The Oxford Dictionary of Journalism by Tony Harcup
Review by Tor Clark, De Montfort University, Leicester.
Many moons ago, as I began my A levels in History and Politics, I was given the Penguin Dictionaries of Modern History and Twentieth Century History to complement my studies. I couldn’t put them down. I spent hours starting off reading entries in which I was already interested, then following the cross-references and discovering new facts, new characters or new events which I didn’t previously know about and then developing my knowledge around those areas by following the associated cross-references. Those dictionaries offered a fascinating adventure through modern politics and history, equipping me with a fascination and developing curiosity which helped me to succeed in the subjects by opening them up to me.
Thirty-odd years later Tony Harcup may have done the same for Journalism, in compiling an indispensable guide to all terms journalistic.
He was, of course, one of the authors of the Key Concepts in Journalism Studies (Franklin et al, 2005), which has been an invaluable reference tool for Journalism students ever since. This new dictionary should be seen a companion volume, rather than a competitor to that earlier text.
Our education starts from the word go, as we learn there is such a body as AAN, the Association of Alternative Newspapers, and continues through to Zoo, where we learn of the basic tactics this magazine used to lure young male readers. Along the way 1,400 terms are defined with key basic areas covered well, and other less known terms defined very succinctly.
But Harcup doesn’t stop with just defining terms, he includes a timeline of key journalistic events in his chronology, and concludes with an index of key people in journalism, from Max Aitken to Barbie Zelizer, which associates them with the key products, concepts, movements, issues or developments with which they were most closely associated.
Handily, as in the previous Key Concepts text, Harcup also offers readers further reading on the major terms and themes, and also offers more than 200 useful web links.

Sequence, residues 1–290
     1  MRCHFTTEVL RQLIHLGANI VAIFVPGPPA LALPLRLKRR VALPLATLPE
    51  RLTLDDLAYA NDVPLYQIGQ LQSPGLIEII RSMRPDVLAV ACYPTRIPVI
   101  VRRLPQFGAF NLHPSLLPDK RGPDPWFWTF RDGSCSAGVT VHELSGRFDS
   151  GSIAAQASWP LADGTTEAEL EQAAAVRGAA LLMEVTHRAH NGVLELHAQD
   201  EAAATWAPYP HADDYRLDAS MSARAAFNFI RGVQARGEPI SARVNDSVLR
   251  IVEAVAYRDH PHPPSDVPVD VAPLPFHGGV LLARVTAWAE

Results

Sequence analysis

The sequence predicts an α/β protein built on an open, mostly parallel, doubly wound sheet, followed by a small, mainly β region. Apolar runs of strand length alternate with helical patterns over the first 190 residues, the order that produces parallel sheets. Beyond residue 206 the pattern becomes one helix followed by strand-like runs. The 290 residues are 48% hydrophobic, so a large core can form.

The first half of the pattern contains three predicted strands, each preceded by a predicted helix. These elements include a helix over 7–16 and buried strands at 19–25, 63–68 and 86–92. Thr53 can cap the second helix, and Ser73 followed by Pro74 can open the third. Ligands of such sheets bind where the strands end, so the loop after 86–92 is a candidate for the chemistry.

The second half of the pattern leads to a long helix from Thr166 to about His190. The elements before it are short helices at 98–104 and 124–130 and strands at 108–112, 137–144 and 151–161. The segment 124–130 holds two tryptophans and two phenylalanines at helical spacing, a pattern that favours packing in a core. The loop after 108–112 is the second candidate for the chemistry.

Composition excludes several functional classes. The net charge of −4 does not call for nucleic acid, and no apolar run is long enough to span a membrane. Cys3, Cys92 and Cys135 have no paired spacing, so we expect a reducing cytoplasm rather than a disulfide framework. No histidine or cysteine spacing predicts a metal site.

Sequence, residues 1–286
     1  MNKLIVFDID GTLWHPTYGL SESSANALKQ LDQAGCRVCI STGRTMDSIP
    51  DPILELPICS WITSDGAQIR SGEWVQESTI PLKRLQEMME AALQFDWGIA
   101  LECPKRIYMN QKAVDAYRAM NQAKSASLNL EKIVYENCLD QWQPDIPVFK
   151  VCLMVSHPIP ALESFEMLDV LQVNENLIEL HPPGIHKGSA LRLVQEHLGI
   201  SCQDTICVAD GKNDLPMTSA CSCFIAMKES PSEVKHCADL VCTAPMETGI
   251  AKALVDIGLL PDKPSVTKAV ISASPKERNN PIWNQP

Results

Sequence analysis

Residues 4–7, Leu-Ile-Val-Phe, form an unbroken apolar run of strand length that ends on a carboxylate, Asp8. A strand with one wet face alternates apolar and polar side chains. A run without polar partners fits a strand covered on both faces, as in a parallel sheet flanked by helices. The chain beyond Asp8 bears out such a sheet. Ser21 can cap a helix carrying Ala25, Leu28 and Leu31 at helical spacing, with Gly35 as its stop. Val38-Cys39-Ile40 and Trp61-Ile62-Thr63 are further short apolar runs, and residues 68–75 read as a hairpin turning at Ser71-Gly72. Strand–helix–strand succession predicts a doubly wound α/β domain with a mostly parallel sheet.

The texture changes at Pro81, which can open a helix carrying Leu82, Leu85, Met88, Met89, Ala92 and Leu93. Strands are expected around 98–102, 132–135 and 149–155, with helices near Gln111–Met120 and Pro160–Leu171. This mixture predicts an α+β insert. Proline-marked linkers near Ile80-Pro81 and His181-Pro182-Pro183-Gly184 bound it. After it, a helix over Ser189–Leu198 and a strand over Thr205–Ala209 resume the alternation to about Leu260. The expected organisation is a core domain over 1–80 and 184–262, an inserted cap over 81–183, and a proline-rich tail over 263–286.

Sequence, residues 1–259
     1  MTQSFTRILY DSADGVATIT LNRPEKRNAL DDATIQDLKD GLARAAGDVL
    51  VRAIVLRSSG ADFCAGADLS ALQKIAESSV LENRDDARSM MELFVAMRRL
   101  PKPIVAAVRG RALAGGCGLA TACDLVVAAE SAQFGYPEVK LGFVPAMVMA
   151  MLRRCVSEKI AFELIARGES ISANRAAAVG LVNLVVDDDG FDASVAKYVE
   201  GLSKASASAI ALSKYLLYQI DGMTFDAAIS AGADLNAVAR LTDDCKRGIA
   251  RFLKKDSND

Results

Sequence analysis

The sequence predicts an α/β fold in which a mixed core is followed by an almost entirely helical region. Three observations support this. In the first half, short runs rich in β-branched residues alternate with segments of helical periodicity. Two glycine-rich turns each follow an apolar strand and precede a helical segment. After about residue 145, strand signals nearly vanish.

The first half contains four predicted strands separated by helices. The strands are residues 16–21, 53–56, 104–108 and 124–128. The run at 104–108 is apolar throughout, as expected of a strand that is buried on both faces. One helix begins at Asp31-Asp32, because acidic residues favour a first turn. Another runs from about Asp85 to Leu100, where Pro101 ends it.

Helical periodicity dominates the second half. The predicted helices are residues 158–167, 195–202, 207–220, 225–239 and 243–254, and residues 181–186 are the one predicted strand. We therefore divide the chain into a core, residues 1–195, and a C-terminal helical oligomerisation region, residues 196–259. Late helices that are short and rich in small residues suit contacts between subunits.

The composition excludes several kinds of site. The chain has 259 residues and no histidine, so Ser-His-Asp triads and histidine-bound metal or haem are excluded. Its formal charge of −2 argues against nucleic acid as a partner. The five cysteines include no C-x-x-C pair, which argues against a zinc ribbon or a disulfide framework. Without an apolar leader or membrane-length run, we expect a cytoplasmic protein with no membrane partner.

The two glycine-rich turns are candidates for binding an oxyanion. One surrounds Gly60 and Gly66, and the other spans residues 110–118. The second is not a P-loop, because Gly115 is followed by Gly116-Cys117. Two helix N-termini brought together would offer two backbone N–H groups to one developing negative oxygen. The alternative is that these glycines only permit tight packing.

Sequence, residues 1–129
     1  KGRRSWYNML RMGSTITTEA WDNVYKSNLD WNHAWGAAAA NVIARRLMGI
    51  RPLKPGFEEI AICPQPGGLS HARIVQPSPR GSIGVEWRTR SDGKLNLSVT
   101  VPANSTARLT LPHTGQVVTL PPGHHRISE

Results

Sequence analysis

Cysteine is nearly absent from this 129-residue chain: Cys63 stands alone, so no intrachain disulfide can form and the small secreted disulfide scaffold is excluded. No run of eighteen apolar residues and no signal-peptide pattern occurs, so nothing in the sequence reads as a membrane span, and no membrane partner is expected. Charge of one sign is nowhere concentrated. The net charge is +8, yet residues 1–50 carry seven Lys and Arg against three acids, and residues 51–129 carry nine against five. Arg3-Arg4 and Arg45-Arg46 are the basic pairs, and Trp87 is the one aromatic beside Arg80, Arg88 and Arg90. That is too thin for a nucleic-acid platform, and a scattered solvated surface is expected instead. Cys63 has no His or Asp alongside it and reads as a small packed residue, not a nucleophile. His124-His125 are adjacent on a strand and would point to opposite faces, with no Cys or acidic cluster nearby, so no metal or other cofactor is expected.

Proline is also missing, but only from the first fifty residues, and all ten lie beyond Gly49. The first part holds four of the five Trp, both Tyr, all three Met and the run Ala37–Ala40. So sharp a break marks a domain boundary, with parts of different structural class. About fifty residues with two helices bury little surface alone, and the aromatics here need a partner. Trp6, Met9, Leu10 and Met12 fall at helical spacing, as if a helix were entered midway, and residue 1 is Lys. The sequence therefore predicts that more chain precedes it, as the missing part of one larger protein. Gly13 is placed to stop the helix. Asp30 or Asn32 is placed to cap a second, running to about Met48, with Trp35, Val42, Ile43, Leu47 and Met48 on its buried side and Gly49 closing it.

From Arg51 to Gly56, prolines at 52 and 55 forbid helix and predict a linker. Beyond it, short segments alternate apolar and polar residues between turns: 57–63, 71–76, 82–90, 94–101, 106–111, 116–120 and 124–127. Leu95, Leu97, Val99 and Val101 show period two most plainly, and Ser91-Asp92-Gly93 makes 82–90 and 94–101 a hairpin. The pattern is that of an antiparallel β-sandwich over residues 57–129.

But he is keen to limit the scope of his new book, declaring that it is indeed a dictionary and not an encyclopaedia. It is a starting point for further study or investigation, as well as a handy and quick reference guide to the working student or journalist.
And he is happy to declare: “This is not an account driven by the ‘great men’ or ‘great women’ of journalism, so there are no biographical entries.” Though this does not damage the value of the content as it exists, it is perhaps an opportunity missed, as it is hard to study journalism’s rich context and history without knowing a bit about the character and motivations of key players such as Northcliffe, Hearst, Beaverbrook, Cudlipp, Murdoch, Mackenzie, Evans or Bradlee. Perhaps there is an opportunity here for a companion biographical dictionary of key figures from journalism?
Despite the personality cull, Harcup does include ‘Murdoch Empire’ and most of the above get worthy mention in the entries around the products or issues most associated with them.
Tony Harcup has been one of the most prolific authors of books, articles and journal papers of direct use to Journalism students in recent years and here we have a text which is destined to appear on many courses ‘buy before you arrive’ pre-reading lists because it will help many students who have never studied Journalism before become familiar with many of the key terms they will come across during their studies and long afterwards. It is a fascinating little book which lecturers will love thumbing through and students will find indispensable. Expect to see it on a reading list near you in the near future.
A Dictionary of Journalism by Tony Harcup Paperback: published by OUP 368